I decided to try focus stacking. Focus stacking is when you take a series of images and you focus on one section of the image at a time, then save them as PSD images. The key is to have your camera on a tripod so you do not change position.
Open the images then go to File>Scripts>Load Files into Stacks. After you stack the files you go to Edit>Auto-Blend-Layers.
The image will be in focus throughout.
This was fun to try. I will have to try it again sometime.
Refraction of Light in Photography
I saw a Facebook post on group site I participate in about refraction of light. The images were very interesting. I decided to put together a few items for our camera club to use at a future meeting.
If you google refraction of light you come back with a lot of scientific information. However when you google refraction of light in photography a lot of nice images appear!
With help from a friend of mine, I put together several backgrounds; some had color some were black and white. I purchased scrapbooking paper and used double stick tape and old scrap mats to mount the paper to so they would not bend.
Using a pole lamp with 3 lights to light my subject, I put up my backgrounds and filling glasses with water. I also laid some of the backgrounds flat and used them as a base; the patterns then reflected on top of the water.
My camera settings (Nikon D800E) ISO 640, f/14 – 16, shutter speed ranged from 1/5, 1/3, 1/13 sec depending on which background was being used.
This is a fun winter project as you do not need a lot of supplies, just clear glasses, vases, bowls, water (distilled is recommended because tap water bubbles), and paper or fabric with a design. You can make your own designs using Photoshop and printing the off of you printer.
Have fun experimenting!
When photographing nature we encounter imperfect subjects. It takes a little patience and imagination to make corrections to an image after it’s captured.
While looking through images that were photographed this summer, this one was intriguing. The bug on the coneflower was lost in the shadows and was very much in focus.
The shadow slider in Lightroom opened the area and other adjustments were made to the image. Then the gap on the left kept screaming! Cropping did not help, so the image was edited in Photoshop (Photoshop is used as a plug-in to Lightroom). The magic brush tool was used to capture a piece of the adjacent area and a layer was created of that selection. The petal was turned and transformed, then a layer mask was applied so the petal could be blended in with the rest of the flower.
Then the space on the right was an attention grabber. The same technique was applied. After the second petal was added the image was saved in Lightroom and the radial filter and adjustment brush was used to make sure the bug was the central focus of the image.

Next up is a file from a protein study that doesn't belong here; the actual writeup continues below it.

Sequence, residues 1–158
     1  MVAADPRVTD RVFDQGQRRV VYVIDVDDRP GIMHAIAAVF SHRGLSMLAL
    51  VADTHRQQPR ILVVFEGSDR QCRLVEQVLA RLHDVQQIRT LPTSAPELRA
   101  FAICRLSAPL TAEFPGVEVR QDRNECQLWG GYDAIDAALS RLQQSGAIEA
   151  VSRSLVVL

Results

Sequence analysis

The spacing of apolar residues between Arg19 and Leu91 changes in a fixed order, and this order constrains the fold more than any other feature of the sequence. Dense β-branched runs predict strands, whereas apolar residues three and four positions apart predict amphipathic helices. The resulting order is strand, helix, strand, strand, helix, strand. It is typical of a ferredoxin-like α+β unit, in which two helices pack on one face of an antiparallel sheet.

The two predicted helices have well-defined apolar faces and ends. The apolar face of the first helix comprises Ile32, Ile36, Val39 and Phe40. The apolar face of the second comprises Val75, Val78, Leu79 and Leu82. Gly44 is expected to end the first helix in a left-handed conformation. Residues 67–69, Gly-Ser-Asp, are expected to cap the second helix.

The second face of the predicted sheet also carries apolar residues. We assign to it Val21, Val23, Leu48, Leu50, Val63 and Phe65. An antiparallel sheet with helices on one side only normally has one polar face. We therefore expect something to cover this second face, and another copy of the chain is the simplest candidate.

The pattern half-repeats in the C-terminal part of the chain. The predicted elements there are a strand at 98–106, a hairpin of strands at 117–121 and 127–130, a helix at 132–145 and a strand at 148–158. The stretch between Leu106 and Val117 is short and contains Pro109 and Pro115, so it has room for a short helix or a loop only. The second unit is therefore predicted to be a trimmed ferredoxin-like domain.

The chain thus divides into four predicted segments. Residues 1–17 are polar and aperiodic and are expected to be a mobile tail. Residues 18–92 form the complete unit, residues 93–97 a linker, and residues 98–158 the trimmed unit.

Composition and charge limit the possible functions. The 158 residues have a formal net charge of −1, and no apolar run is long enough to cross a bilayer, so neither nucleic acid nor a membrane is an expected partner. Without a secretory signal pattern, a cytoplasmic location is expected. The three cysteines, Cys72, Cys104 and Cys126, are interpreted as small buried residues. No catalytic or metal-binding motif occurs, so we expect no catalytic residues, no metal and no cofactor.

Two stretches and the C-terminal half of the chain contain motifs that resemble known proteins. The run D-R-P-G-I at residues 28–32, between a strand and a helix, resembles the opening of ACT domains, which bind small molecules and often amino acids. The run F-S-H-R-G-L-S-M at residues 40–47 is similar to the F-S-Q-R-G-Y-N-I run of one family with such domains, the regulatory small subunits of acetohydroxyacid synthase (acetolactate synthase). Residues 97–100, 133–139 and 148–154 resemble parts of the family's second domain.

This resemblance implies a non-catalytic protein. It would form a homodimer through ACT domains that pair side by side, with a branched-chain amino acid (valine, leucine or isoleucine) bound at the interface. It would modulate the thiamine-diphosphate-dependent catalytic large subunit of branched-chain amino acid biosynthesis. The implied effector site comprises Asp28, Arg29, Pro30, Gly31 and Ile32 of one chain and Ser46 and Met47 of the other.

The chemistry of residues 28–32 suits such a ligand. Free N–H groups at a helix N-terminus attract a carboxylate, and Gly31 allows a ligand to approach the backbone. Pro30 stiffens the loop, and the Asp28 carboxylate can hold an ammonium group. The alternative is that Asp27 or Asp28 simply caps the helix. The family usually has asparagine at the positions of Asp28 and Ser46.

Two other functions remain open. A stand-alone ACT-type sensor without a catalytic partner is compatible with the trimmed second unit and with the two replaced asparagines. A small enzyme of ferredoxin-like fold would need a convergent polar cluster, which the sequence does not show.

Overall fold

Nature is imperfect and as the old margarine commercial says, “It’s not nice to fool Mother Nature!” there are those who believe that you capture the image “as is” and make no changes. Making changes to an image that is imperfect has it’s merit. The photographer has to make the decision if the risk of “fooling Mother Nature” is worth taking!
Creativity: Where does it start?
We are all familiar with the chicken and egg concept…which came first? In photography we are faced with a similar dilemma, do our creative ideas come when the photograph is taken or afterwards in post-processing?
There are times when an image is photographed with an end result in mind. Then there are times during post-processing when an idea emerges on how to create a special image.
Take this palm leaf for example:
It is a nice image, but it is not “special”. How about if the perspective is changed?
A diagonal line forces the eye to move up through the photograph. While it is an acceptable image, what else can be done to make it more interesting?
By changing the color and adding textures to the image it changed the look all the way around. A tilt-shift was added on a diagonal to give a soft blur to the edges. On1 Effects is an easy way to make these changes. After the changes were made and tweaked, the images were then saved back into Lightroom.
Once the image was imported back into Lightroom, the Trey Ratcliff HDR Romance Soft pre-set was applied and the image was cropped.
Using Lightroom and On1 together is simple. If On1 is set up as a plug-in program to Lightroom, you right click on your image and choose <Edit in> and select the module you need. It will save a copy in Lightroom with your initial edits and then when you are finished in On1 it will save those changes in Lightroom so you can make additional edits if necessary.
Enjoy being creative!